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That's the new word we learned at Bisnow's Future of Office and The Creative Workplace event Tuesday morning. 

It's what you call turning a boring DC building into a cool, funky space, says MRP Realty principal Zach Wade. With creative office inventory being only 2% of the market in DC, it’s what has to be done to woo today’s workforce. One example of a boring DC building getting funkified is 1620 L St, a mid-block building that reflected a strange green hue from its across-the-street neighbor. LaSalle bought the building last September, added some amenities, and now tenants are clamoring to get in, Zach says.

So why should we bring back the funk? Because most American workers are disengaged, says Lend Lease workplace strategies director Kay Sargent, who delivered one of our morning's keynotes. And much of that can be blamed on technology, which is distracting and frustrating, and sucking valuable and meaningful time from workers. Kay says companies need to go back to basics when designing space. Her advice: Know who you are and design to that (one solution does not fit all); consider your industry, regional influences, work styles and demographics. The space should also mirror a company’s organizational structure. Offices also need to be flexible and designed in sync with the way people naturally move.

But how do funky buildings jive with BOMA? Cooper Carry principal Steve Smith says it’s time to stop being a slave to those standards (used since 1915 for measuring rentable area in office buildings). His firm is working on transforming buildings into schools, offices and hotels. One under construction now has an “obscene” core factor with a small footprint, but it’s appealing to tenants because of surrounding amenities.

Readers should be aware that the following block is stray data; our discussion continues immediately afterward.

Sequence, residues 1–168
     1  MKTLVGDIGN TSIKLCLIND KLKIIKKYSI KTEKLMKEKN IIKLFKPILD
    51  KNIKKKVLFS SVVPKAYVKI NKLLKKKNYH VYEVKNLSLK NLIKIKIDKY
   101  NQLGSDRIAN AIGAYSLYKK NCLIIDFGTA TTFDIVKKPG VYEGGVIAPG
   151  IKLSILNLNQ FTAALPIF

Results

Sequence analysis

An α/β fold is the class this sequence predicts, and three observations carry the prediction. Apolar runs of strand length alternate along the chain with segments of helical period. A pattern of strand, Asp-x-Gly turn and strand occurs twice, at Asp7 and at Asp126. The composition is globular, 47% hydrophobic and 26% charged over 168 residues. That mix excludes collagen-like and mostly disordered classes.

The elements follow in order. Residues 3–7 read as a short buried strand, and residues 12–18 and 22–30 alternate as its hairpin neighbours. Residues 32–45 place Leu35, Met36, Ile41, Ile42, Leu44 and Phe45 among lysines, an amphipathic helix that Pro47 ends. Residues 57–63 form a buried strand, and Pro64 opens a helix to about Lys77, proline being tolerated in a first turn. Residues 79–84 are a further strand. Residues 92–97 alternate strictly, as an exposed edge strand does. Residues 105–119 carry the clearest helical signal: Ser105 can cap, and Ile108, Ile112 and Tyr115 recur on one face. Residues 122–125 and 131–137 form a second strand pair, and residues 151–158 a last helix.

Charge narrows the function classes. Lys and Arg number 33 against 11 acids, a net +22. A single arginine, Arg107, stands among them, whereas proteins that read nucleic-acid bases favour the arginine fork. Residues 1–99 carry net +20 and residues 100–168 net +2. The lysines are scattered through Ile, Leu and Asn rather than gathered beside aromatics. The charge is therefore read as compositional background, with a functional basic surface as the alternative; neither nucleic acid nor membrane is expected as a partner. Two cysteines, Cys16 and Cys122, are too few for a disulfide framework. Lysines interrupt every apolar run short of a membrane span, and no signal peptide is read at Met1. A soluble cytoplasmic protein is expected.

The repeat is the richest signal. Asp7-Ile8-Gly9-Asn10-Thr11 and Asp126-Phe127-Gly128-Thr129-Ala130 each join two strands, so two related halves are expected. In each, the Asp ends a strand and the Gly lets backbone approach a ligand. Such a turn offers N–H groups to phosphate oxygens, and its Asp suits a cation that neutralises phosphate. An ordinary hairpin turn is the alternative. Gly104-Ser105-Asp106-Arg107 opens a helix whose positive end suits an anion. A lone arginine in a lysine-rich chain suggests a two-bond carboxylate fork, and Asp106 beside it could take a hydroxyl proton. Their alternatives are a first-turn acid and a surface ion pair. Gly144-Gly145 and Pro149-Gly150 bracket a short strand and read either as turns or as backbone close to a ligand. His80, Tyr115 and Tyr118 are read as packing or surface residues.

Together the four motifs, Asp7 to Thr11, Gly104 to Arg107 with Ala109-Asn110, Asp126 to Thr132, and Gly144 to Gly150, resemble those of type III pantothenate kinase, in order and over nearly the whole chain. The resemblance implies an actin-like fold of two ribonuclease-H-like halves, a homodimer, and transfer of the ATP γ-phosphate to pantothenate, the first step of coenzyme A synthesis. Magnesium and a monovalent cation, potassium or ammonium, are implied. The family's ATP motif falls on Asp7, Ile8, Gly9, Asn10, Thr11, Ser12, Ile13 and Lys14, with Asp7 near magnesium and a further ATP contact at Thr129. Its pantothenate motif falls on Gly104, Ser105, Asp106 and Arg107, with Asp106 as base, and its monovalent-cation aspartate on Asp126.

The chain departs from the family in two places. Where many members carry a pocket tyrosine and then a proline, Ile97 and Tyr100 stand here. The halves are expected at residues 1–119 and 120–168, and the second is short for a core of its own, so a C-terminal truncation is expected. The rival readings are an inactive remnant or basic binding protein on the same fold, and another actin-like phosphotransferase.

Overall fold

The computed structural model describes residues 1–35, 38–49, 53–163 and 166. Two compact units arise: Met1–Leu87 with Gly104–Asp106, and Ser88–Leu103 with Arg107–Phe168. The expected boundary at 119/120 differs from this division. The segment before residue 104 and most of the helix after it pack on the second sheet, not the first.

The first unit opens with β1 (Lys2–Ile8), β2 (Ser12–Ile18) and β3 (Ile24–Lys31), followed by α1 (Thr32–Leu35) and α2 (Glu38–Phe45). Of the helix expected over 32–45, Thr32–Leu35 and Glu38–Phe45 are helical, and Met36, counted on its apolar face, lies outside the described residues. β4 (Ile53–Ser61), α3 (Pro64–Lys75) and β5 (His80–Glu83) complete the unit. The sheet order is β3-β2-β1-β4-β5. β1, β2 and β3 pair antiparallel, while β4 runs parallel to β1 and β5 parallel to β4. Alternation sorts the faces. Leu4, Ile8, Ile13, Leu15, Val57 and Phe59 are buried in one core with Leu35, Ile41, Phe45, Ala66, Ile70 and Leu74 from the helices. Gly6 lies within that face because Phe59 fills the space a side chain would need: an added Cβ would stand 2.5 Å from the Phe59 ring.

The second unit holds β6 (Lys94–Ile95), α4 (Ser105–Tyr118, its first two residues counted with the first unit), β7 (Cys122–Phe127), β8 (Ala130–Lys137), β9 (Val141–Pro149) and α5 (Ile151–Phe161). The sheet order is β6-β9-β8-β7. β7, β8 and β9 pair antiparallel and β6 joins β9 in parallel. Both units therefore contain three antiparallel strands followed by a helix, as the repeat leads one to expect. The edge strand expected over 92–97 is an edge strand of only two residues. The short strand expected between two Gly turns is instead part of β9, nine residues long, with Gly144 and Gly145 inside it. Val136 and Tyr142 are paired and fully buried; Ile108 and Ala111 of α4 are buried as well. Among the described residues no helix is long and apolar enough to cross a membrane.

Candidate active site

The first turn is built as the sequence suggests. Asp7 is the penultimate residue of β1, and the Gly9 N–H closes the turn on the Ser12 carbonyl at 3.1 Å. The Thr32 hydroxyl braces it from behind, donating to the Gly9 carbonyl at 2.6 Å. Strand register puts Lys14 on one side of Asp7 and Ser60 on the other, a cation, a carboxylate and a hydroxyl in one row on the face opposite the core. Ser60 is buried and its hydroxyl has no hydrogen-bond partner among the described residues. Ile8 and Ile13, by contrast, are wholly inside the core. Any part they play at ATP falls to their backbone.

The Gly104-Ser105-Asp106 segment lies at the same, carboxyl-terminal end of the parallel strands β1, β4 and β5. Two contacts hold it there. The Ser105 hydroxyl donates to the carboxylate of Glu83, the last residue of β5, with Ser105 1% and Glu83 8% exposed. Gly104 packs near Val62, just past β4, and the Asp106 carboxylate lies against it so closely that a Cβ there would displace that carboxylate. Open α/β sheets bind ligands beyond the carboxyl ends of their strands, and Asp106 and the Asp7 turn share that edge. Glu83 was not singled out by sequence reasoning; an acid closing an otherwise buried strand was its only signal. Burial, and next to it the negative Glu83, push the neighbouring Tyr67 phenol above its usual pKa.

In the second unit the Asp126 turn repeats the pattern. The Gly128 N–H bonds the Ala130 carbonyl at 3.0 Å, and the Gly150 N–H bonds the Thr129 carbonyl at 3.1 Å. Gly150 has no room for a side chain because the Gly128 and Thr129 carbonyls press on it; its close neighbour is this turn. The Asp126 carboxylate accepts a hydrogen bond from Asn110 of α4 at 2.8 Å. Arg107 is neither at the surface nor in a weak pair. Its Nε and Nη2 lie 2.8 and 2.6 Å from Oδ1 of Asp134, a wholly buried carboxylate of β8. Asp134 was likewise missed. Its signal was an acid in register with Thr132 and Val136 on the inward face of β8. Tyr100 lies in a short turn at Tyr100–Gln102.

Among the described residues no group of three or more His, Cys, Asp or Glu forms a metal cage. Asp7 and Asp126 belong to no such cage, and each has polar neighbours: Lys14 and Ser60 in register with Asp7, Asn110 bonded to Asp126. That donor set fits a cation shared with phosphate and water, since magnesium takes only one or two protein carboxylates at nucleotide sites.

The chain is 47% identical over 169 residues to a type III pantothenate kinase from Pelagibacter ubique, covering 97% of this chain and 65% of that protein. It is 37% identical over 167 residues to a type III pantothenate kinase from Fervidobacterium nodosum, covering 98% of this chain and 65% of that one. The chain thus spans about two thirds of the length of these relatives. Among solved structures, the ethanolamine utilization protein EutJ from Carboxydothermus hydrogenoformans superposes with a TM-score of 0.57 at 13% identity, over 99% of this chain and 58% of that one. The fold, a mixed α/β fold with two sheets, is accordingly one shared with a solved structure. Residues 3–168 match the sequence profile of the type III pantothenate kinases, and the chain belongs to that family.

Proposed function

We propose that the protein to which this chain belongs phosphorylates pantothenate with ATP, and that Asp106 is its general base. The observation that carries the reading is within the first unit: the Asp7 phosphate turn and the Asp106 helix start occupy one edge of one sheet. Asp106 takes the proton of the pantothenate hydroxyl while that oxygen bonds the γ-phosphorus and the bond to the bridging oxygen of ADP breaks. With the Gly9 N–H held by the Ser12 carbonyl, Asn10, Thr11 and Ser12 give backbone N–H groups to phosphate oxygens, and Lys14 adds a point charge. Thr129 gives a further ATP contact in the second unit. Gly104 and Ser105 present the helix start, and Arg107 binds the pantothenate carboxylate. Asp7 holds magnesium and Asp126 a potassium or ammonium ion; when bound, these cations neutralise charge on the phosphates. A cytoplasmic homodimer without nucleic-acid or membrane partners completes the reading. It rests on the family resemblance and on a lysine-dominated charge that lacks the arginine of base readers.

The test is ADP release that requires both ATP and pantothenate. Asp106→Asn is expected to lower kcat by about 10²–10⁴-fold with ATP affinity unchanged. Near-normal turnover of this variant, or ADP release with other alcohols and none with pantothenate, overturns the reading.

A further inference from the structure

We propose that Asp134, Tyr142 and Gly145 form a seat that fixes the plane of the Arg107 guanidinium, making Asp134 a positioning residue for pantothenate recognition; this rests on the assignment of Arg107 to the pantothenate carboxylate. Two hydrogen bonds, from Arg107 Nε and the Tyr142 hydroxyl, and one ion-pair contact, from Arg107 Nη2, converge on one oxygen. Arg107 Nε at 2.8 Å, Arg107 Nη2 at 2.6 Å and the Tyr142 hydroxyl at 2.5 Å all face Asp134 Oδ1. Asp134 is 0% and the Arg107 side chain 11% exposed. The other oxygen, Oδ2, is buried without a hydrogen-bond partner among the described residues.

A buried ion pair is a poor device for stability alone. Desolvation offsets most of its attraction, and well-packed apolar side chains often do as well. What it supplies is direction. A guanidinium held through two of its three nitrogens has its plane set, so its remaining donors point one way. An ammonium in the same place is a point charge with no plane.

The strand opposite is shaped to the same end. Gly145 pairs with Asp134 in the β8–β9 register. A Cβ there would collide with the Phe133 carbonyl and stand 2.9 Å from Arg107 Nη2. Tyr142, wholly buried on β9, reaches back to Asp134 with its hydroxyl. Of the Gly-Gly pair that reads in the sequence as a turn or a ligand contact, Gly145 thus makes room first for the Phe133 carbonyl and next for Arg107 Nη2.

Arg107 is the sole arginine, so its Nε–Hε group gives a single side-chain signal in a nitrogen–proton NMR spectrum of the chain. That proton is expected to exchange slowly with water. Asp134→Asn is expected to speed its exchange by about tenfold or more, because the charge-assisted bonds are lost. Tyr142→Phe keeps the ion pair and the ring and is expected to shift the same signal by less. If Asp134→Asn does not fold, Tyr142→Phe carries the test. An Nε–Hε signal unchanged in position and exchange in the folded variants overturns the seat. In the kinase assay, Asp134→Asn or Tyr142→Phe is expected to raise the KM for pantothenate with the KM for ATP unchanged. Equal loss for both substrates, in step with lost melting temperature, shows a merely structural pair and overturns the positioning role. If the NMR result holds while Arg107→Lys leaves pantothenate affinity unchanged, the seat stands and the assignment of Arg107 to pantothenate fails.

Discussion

How are others defining funkify? Giving workers an experience inside and outside of their buildings. Meridian Group managing director Gary Block says 60% of tenants leave their space because they're lacking that "experience." His firm has several transit-oriented projects that focus on fun and active lifestyles. Having flexible space is also key. The firm was able to get Cvent to its new space on Greensboro Station Place in Tysons (a stone's throw from its old location) two years ago because it could offer 60k SF flexible floor plates.

Uber Offices CEO Raymond Rahbar says he’s been starting to cater more of the amenities in his 300 co-working offices toward office workers who are biking and walking to work. That means looking for nearby bike shops and accessible doorways for people lugging in a bike. Even though most people obsess over what Millennials want in their office space, Raymond says he’s more focused on the needs of individual entrepreneurs, no matter their age. He also doesn’t charge for space by square footage but by number of people working in the space. It’s the best way to keep it simple and not have to constantly remeasure space.

JBG VP Quinn Rounsaville says it’s really about how a specific tenant can fit into a specific space. His firm recently did a lease for a large tech corporation in Georgetown that was able to squeeze a lot of people into the space because of that tenant and that particular market. It doesn’t work as well with an accounting firm. Concessions can be offered by landlords to overcome a space’s large core factor.  

Office design is going through a major swing between wide, open spaces to some groups still wanting space for heads-down workers, says DFS Construction principal Grant Stephens (right). Companies are putting in cool, edgy lounge areas despite their offices being conservative around the perimeter, but then some CEOs are choosing to sit amongst the worker bees. Cushman & Wakefield director Mark Wooters says we’re only in the second inning of a fundamental shift in business. (That’s code for all predictions will be out the window next year.)